And guess what! The second Khaganate was later overthrown by Tang dynasty's favorite little buddy/sister: the Uyghurs. :cool:
 

SimaQian

Junior Member
Registered Member
Yes Mongol tribes once ruled in Xinjiang. But they were totally crushed by Qing China during the Qianlong period. It was on this era, this place is renamed Xinjiang.

History is written by the hands of the victors. Losers write history in social media.
 

Gatekeeper

Major
Registered Member
@Gatekeeper

CBSA paper below on US-China strategy for the next 15 years.

Basically looking at 4 differing future possibilities for China.
Some of the future timeline stories are very unrealistic, which I won't go into.

But interestingly, 3 of the 4 economic scenarios still expect Chinese GDP to be 50%-100% larger than the USA in the year 2035.
And it also doesn't look very deeply at Chinese technology R&D spending.

3 of the 4 military scenarios also involve the US-alliance system breaking down or Taiwan being reunified.

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Wow, thanks for that. I quickly skimmed it. But will give it a good read, analyse and digest when I got more time.

Unfortunately I'm in the middle of preparing lecturers for my economics and accounting students because college has re-started again in the UK. There's so much happening in the economy like covid 19, Brexit, trade war. This is going to be a interesting year for my students.

So I'm up to my neck in it. I probably won't have time to contribute to this forum as much for the next few months. I'll still lurk around though.

But a big thank you all the same.
 

TD739

Junior Member
Registered Member
China is at its highest economic power in recent memory but ironically at its lowest soft power state.
Right now, China has very little allies and poor foreign countries are just using China for their benefit and yet deep down they don't have much respect and have negative viewpoint on China , especially after covid19.
At its high point of soft power was when China at its poorest and when Maoism and guerilla war tactics spreading across the globe. That was when admiration and respect for China at its highest point.
I guess you gain some and you lose some. You can't have everything.
 

Kaeshmiri

Just Hatched
Registered Member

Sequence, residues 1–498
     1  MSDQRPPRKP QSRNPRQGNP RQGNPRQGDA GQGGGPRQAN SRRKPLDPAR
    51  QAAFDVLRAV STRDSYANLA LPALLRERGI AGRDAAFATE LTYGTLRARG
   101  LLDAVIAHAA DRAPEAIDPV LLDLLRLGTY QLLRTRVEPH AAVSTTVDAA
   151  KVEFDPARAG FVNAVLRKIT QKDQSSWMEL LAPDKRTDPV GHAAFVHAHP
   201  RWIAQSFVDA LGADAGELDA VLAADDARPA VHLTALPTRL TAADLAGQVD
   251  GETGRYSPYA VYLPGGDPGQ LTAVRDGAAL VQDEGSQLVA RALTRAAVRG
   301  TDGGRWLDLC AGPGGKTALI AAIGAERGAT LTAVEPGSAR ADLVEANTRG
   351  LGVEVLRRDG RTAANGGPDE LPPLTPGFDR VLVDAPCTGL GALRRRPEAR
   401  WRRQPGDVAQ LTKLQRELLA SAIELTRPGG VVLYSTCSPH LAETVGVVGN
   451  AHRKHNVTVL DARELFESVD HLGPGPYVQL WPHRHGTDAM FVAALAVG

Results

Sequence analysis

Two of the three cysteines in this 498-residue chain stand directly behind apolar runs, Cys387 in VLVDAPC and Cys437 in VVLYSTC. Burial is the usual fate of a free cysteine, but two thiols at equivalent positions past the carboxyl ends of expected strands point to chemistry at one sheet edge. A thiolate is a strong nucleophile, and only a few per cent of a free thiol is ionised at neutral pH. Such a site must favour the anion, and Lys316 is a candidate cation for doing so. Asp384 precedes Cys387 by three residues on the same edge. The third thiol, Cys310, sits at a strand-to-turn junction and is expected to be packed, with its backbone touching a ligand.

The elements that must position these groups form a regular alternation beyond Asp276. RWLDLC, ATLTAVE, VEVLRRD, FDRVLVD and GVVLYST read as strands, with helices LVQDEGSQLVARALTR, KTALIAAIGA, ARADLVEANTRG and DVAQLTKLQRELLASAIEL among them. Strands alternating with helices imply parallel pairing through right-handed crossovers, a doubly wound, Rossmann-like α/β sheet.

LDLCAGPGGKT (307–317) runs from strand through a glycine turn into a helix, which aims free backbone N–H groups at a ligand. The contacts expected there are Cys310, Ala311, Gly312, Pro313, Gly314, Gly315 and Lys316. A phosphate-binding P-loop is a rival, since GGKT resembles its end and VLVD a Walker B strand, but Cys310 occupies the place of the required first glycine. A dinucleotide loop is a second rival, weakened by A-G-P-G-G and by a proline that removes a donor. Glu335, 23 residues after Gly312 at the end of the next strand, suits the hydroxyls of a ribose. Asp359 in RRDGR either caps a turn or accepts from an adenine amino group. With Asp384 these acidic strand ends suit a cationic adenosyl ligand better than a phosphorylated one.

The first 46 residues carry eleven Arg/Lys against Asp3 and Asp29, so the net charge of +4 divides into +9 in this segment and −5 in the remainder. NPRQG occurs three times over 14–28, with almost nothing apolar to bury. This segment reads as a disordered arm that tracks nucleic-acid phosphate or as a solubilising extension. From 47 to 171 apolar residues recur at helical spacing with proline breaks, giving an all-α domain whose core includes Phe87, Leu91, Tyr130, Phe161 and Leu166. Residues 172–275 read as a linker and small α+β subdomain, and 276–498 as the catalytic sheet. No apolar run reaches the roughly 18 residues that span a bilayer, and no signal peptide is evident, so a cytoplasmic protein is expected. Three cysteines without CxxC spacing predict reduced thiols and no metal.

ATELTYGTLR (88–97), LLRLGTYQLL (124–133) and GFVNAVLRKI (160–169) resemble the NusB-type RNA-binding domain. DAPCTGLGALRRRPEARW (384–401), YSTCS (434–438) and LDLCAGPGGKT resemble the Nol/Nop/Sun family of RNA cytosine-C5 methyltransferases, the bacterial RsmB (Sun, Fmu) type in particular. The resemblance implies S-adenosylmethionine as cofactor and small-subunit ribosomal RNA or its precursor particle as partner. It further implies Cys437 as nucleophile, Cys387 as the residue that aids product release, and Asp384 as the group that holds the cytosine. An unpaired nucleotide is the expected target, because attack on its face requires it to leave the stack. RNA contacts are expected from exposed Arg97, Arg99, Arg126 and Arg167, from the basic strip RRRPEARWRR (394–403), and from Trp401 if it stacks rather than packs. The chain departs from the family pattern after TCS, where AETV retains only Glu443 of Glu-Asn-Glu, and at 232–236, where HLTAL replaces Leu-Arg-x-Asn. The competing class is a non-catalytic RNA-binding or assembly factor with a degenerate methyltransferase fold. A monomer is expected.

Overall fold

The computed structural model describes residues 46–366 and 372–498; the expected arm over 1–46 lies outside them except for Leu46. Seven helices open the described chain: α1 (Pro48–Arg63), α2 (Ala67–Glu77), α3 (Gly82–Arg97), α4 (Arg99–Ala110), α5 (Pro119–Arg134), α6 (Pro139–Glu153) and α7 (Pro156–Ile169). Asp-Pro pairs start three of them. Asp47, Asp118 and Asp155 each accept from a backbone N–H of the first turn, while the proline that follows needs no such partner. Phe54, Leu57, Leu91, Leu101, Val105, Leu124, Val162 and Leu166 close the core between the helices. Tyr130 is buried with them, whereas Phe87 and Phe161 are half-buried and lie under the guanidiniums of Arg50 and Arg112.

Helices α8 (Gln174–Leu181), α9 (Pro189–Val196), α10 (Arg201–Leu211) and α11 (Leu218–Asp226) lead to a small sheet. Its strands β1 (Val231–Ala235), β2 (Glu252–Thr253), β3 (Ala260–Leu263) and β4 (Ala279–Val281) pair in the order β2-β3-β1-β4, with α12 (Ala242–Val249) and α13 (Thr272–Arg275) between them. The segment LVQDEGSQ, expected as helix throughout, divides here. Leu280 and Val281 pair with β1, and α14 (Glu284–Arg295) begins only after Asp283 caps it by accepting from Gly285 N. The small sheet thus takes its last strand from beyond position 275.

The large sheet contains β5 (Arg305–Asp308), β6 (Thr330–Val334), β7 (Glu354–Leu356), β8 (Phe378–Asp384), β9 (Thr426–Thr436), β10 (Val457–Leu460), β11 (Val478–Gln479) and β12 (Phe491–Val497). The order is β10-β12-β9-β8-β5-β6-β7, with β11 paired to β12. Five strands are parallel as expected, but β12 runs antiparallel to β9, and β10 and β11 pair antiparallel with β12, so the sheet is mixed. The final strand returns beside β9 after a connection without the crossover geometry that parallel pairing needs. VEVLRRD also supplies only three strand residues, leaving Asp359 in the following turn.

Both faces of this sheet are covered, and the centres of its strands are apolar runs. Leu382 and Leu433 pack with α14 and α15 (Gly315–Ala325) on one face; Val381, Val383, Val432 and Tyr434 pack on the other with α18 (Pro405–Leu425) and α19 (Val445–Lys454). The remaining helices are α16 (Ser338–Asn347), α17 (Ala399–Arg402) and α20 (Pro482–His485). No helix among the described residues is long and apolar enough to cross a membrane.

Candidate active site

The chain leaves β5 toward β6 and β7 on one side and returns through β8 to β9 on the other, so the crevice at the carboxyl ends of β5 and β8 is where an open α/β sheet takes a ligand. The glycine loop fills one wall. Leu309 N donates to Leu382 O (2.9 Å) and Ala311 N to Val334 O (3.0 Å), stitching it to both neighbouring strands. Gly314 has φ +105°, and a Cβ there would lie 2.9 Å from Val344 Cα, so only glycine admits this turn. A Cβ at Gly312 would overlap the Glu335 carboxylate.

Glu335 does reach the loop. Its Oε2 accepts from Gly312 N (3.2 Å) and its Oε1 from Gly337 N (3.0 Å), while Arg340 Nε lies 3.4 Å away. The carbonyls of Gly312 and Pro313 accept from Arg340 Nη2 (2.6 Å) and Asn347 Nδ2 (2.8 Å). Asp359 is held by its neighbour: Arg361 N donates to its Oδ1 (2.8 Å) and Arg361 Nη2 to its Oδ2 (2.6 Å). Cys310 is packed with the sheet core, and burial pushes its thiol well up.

China is at its highest economic power in recent memory but ironically at its lowest soft power state.
Right now, China has very little allies and poor foreign countries are just using China for their benefit and yet deep down they don't have much respect and have negative viewpoint on China , especially after covid19.
At its high point of soft power was when China at its poorest and when Maoism and guerilla war tactics spreading across the globe. That was when admiration and respect for China at its highest point.
I guess you gain some and you lose some. You can't have everything.
Sadly the entire world has been brainwashed with Anti- Communist propaganda for about a century now. China no matter how hard it tries cant change opinion of people in the rest of the world. All US does is scream communism and it negates whatever China does in the Soft power arena (despite the fact that China is far from being a communist nation).
 

escobar

Brigadier
China is at its highest economic power in recent memory but ironically at its lowest soft power state.
Right now, China has very little allies and poor foreign countries are just using China for their benefit and yet deep down they don't have much respect and have negative viewpoint on China , especially after covid19.
At its high point of soft power was when China at its poorest and when Maoism and guerilla war tactics spreading across the globe. That was when admiration and respect for China at its highest point.
I guess you gain some and you lose some. You can't have everything.
There are several causes for this. Some are independent of the actions of China.
Others are linked to certain PRC gov actions that come from a mixture of incompetence, insecurity and arrogance.
 

asdf1234

New Member
Registered Member
There are several causes for this. Some are independent of the actions of China.
Others are linked to certain PRC gov actions that come from a mixture of incompetence, insecurity and arrogance.
Contrary to the Americans last century, China has little to no attractive cultural exports. For one not everyone understands or appreciates Chinese culture, secondly money only works to a certain degree but moreover one simply can‘t easily beat the whole ‚Sex, guns & Rock‘n‘Roll‘ story...

EDIT: Especially not the sex part...